Pub. 7 2023 Issue 2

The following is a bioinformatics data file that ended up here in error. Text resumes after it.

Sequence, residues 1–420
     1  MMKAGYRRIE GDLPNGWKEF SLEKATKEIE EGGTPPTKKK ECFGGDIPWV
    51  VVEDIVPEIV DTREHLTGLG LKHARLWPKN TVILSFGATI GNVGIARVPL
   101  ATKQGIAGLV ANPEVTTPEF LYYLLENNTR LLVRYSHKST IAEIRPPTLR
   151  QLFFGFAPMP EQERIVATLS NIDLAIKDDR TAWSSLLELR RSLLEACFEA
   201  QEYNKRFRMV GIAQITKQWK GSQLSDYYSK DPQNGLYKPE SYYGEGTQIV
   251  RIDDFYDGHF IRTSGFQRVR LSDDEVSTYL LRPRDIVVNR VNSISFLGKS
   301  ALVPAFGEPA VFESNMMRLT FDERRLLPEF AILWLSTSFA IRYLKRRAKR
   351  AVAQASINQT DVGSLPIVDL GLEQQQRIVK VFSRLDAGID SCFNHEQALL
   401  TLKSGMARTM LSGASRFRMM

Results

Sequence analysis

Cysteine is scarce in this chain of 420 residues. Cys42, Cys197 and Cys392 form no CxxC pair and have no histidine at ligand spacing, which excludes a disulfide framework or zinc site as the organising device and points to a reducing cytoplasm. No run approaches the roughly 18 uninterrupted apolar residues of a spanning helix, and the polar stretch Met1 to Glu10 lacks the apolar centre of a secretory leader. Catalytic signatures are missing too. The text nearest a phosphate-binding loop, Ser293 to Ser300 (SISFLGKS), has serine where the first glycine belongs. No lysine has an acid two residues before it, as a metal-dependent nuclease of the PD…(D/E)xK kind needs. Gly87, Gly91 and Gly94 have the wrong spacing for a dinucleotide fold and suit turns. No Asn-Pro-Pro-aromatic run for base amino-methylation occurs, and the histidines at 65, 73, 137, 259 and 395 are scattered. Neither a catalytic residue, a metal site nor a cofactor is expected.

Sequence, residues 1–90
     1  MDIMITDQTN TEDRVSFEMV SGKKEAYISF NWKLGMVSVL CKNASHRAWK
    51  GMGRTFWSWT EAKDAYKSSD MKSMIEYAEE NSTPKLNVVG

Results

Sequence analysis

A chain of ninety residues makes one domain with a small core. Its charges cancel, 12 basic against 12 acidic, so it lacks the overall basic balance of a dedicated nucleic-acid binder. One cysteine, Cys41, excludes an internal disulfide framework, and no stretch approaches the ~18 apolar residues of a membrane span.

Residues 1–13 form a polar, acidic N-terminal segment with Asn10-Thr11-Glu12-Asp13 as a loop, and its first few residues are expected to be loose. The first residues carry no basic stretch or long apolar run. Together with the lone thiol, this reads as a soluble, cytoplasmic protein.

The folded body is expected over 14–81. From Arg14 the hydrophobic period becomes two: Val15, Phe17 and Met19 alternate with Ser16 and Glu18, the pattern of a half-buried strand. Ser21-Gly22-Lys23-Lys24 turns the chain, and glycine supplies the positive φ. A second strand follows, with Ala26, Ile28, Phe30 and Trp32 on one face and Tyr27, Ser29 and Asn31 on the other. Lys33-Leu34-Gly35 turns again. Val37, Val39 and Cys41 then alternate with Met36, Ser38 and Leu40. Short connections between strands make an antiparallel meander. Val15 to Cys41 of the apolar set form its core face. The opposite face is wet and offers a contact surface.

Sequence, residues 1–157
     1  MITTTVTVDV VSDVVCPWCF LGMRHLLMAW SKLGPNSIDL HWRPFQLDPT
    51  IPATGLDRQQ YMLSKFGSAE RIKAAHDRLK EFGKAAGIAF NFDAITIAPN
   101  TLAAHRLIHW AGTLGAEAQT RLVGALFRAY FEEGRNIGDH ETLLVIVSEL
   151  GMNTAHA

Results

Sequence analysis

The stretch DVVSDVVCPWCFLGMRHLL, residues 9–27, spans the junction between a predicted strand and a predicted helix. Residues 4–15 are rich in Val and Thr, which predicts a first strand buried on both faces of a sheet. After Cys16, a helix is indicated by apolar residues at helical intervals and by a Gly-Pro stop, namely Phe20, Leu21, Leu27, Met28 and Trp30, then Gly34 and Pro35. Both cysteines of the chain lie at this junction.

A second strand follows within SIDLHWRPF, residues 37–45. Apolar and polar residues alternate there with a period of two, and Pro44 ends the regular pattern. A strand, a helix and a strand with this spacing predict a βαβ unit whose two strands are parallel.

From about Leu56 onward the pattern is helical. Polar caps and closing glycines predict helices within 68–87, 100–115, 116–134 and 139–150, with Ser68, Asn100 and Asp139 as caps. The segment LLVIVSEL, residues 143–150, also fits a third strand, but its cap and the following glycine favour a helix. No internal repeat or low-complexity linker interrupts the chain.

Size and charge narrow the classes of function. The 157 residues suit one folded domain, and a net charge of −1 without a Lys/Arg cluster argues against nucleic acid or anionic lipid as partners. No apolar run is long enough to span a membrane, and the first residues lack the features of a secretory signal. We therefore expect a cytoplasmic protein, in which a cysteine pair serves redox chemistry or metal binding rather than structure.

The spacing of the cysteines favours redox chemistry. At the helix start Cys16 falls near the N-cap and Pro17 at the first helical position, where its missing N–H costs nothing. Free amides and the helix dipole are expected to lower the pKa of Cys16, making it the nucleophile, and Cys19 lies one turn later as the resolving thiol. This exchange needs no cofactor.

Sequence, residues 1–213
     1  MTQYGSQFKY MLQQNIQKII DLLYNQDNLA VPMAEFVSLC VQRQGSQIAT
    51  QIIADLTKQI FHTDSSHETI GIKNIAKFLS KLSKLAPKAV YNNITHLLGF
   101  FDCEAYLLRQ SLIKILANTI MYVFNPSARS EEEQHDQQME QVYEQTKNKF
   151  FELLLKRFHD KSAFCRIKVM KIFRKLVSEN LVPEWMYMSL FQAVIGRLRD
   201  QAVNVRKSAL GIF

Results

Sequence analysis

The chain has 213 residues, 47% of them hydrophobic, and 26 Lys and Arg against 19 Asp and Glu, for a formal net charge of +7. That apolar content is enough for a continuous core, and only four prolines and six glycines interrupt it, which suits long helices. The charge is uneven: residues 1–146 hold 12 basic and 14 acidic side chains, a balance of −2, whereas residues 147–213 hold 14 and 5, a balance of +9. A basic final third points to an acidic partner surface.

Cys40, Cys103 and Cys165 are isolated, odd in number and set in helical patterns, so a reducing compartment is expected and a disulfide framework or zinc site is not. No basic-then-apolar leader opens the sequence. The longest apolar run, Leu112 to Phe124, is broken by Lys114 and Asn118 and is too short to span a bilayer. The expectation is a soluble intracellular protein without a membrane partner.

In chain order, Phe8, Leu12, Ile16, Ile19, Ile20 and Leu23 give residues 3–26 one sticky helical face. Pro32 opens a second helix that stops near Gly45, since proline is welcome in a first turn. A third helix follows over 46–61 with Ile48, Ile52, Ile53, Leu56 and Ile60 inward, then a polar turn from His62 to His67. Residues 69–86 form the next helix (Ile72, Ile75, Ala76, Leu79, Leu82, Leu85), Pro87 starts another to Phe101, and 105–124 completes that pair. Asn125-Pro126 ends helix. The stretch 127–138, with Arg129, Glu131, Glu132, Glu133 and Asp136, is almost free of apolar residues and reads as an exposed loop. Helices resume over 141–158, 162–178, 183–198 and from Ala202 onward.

Utah’s Community Health Centers and Family Physicians By Sarah Woolsey, MD, MPH, FAAFP, Medical Director, Association for Utah Community Health (AUCH) and Jenifer Lloyd, JD, Deputy Director, AUCH Utah is home to 14 community health centers, operating 60 clinics in urban and rural communities to provide care to more than 166,000 people annually. Utah health centers foster trusting relationships with their patients and provide medical staff with the support they need to deliver the right care for patients. Medical doctors (most are family physicians) and advanced practice providers are the leads of healthcare teams where everyone works together to ensure the best patient care. Utah family physicians lead and practice across the state in these unique independent practices. Health Centers: Caring Since 1965 In 1965, the nation’s first community health centers were launched as a small demonstration program by President Johnson’s Office of Economic Opportunity (OEO). Dr. H. Jack Geiger and Dr. Count D. Gibson had roots in both the civil rights movement and the War on Poverty and wanted to provide healthcare that could transform underserved communities. The first “Neighborhood Health Centers” were established in Columbia Point in Dorchester, MA, an inner city, underserved community, and in Mound Bayou, MS, an impoverished rural community. These two centers provided care that was unconventional at the time by focusing on patients’ social drivers of health in addition to providing healthcare services. This demonstration program became today’s Health Center Program, which now serves over 30 million patients annually through 1,370 health center organizations. What is a Community Health Center? Health centers are community-based organizations that deliver high-quality primary health care services. Designed to be a true “Medical Home,” health centers provide access to pharmacy, mental health, substance use disorder (SUD) and oral health services in addition to primary care. You will find these clinics in areas where economic, geographic or cultural barriers have limited access to affordable healthcare services. Health centers care for the nation’s most vulnerable individuals and families, including people experiencing homelessness, agricultural workers, residents of public housing and the nation’s veterans. As a family doctor, you work with a team staffed and dedicated to the whole person. How Do They Work? Health centers overcome barriers to care by focusing on their community. Each health center has a Board of Directors with patient majorities, ensuring that community voices are heard and health centers remain responsive to local needs. Family physicians working in health centers are guaranteed variety in their scope of practice as each community has different needs. Some are full-spectrum with hospital and office-based practices; others are mobile, working in street medicine practices. Health centers can be large or small. In Utah, they are all private or public non-profits. Health centers receive federal grant funding from the Health Resources and Services Administration (HRSA) to support the care they provide for low-income uninsured patients, but most of their operating funds come from patient revenues, including Medicaid, Medicare, private Dr. H. Jack Geiger 27 |